Economics do factor heavily into the game’s draw in Africa, Ed observes. In Mali, where the average family lives on less than $1 a day, “soccer offers a way to escape poverty.”

Brian, who is partnering with local believers to build a vocational training center for street boys in Senegal, agrees. “The incredible zeal of boys and young men pursuing soccer training, the relentless requests I receive to help local clubs and players, the perception that I may be starting a soccer academy … is [all] driven by the hope of seizing the great opportunity of playing soccer in Europe.”

A pure love of the sport is also a reason for its magnetism, Brian adds. “Part of the excitement this game generates is its simplicity; yet it always remains a challenge. With almost any object you can start a game; it doesn’t even need to be round. A rolled up T-shirt, a ball of newspaper, an old tennis ball, a leaky kickball, even a tied plastic bag with a pocket of air in it can serve as the ball in a match.”

A Cost of Discipleship

In Koutiala, Mali, an inter-church soccer league was started among five C&MA congregations four years ago. Run by Malian Christians, the club now includes a girls’ and boys’ team as well as a young men’s team.

Since the Malian government oversees three official soccer divisions, “last year we decided to apply to the government to make our club official, [in order] to build a select soccer team,” Ed explains. That first-rate group of young men—the Ambassadors—moved into the second division last year; it was recently recognized in the regional soccer report as the team exhibiting the most “fair play” in the league.

Not incidentally, most Ambassador players are adherents of the country’s majority religion. “This was God’s plan,” Ed continues. “We felt He was leading us to minister to these kids. So, now we have people in town who come to us wanting us to train their kids.”

Of the two team members who have chosen to follow Jesus, one was forced by his parents to move to a neighboring country; the second, says Ed, was apparently kicked out of his home because of his new faith and is now living with a local Christian family. It is a reminder of the high cost of faith in a region, and on a continent, where Jesus is desperately needed.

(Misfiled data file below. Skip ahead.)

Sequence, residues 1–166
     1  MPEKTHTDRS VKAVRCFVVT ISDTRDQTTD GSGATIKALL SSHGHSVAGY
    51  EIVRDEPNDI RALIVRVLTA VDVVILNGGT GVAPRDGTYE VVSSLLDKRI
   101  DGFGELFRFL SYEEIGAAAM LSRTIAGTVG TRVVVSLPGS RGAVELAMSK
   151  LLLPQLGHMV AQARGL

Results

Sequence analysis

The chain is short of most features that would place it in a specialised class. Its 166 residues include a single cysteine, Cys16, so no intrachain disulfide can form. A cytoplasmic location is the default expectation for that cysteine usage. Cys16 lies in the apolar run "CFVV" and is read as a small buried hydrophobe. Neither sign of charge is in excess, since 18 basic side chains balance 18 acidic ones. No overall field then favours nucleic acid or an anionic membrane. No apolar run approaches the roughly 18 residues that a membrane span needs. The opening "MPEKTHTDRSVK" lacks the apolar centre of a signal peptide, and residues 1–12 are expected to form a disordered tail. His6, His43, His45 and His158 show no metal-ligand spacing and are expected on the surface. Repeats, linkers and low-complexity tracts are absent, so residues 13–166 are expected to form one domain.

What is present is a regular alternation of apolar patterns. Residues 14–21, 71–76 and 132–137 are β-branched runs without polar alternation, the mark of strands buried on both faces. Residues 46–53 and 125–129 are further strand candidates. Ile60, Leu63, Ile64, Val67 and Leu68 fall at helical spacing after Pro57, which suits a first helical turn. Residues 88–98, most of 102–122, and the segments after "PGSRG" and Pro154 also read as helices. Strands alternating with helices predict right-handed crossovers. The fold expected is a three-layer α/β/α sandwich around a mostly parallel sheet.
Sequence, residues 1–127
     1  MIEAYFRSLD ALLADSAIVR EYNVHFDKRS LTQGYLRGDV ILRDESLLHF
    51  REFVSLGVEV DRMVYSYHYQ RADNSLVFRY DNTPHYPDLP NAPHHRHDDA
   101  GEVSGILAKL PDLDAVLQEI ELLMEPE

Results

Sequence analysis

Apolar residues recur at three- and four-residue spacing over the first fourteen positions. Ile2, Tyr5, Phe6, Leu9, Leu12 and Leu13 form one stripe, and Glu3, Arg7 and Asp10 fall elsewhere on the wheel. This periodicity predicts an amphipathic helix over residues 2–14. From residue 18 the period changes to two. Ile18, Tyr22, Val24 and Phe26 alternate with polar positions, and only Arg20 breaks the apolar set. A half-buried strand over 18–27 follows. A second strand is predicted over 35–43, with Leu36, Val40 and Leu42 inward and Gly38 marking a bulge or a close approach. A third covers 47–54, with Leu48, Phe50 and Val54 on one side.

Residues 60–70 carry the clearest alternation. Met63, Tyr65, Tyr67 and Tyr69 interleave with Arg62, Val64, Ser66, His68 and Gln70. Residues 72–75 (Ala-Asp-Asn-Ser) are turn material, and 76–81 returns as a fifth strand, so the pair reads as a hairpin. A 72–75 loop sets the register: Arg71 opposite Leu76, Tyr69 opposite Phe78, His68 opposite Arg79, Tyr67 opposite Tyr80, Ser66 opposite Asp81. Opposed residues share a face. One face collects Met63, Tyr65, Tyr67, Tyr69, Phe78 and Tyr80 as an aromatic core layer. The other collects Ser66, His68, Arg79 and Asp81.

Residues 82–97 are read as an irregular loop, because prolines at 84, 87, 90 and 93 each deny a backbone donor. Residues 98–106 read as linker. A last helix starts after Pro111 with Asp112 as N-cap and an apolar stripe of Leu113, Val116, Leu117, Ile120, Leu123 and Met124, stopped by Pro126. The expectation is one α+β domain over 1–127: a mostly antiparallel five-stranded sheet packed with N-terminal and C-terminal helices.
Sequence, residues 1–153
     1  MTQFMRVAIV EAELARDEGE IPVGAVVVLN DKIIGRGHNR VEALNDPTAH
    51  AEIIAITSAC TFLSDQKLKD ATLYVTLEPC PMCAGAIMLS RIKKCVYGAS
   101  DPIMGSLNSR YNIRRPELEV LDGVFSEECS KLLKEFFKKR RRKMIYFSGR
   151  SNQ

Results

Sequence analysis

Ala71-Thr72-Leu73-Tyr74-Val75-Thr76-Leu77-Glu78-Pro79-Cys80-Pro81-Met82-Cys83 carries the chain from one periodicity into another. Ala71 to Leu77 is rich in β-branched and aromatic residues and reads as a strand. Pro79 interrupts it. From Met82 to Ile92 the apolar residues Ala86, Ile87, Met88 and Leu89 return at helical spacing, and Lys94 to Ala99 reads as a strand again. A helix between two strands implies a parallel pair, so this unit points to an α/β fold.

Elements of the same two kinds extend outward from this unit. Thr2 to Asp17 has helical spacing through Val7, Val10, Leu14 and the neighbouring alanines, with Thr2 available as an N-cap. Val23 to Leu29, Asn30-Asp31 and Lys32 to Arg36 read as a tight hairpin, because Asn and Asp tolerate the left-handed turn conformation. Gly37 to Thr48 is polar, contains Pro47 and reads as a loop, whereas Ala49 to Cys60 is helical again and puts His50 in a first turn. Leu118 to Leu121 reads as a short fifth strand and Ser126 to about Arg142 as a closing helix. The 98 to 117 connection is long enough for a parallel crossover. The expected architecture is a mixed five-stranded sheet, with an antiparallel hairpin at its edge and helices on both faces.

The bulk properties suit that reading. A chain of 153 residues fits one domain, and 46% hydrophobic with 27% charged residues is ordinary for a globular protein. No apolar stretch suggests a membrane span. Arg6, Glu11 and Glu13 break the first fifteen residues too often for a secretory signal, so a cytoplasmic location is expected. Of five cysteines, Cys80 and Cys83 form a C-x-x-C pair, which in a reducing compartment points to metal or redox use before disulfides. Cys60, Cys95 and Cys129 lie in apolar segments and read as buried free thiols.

“I began a soccer club with a round piece of cowhide on a dirty village street, among barefooted boys with passion oozing from their pores,” Bob observes. “This is the field I’ve found that finds lost souls. It is a place where the Great Lover prods lessons of grace and forgiveness in a beautiful sport that mirrors new life and hope—the hope found only in Jesus Christ, the answer to all of Africa’s problems!”

*name changed.

1 David Taylor, “Africa in Crisis: Finding Hope in the Midst of Tragedy,” Missions Frontiers, November/December 2011, http:/www.missionfrontiers.org/issue/images/alife/article/africa-in-crisis.

2 ’The Barna Group, “Evangelism Is Most Effective among Kids; October 11, 2004, http:/www.barna.org/barna-update/articie/5-barna-update/196-evangelism-is-most-effective-among-kids.

FUTBOL!

Soccer-or “futbol,” as it’s called in Latin America—is surely the most popular game in the world. Nearly every child in Latin America begins to learn foot skills and ball control early in life. When there is no ball, twisted rags or a woven wicker ball can be substituted.

Several years ago Awana International developed High Power® Soccer, a five-day summer outreach for kids involving three-hour daily sessions to teach soccer skills and share the Word of God through Bible lessons, skits and songs. In the first year of this outreach, a group from Renton, Washington, traveled to Ecuador to assist two churches (one a C&MA congregation) in Portoviejo that wanted to reach local children with the gospel. One of the communities was San Jose de Picoasa, a high-crime neighborhood steeped in witchcraft, drugs, violence and child abuse.

Each day, church leaders drove a truck and an old Land Rover into surrounding neighborhoods, returning when the vehicles were fully loaded with kids who wanted to attend the camp. A bond developed between the children and the U.S. team; even though they did not speak the same language, love took over and friendships developed. Soccer brought 150 children together to hear God’s Word, and 70 made decisions to follow Christ that year. Fifty of the new believers were from San Jose de Picoasa.

In 2011, the same team returned to work with those two churches. Nearly 270 children attended the camp, and more than 80 decisions were recorded. Today, more than 100 children meet weekly in an Awana club in San Jose, and three new cell groups have been formed among parents. A new church will soon be planted because God reaches families through children’s soccer ministries!

_—Randy Newburn, Alliance international worker in Ecuador and area director, Latin America and the Caribbean, Awana International _

Past Alliance Life Issues

Share

Get Involved...

Pray.

We cannot “Live the Call Together” unless prayer is central to all we do.
Pray with us »

Serve.

Is God calling you to service? We’re here to help you connect your passion with God’s purpose.
Serve with The Alliance »

Give.

Help build Christ’s Church by supporting the ministry and workers of The Alliance.
Give today »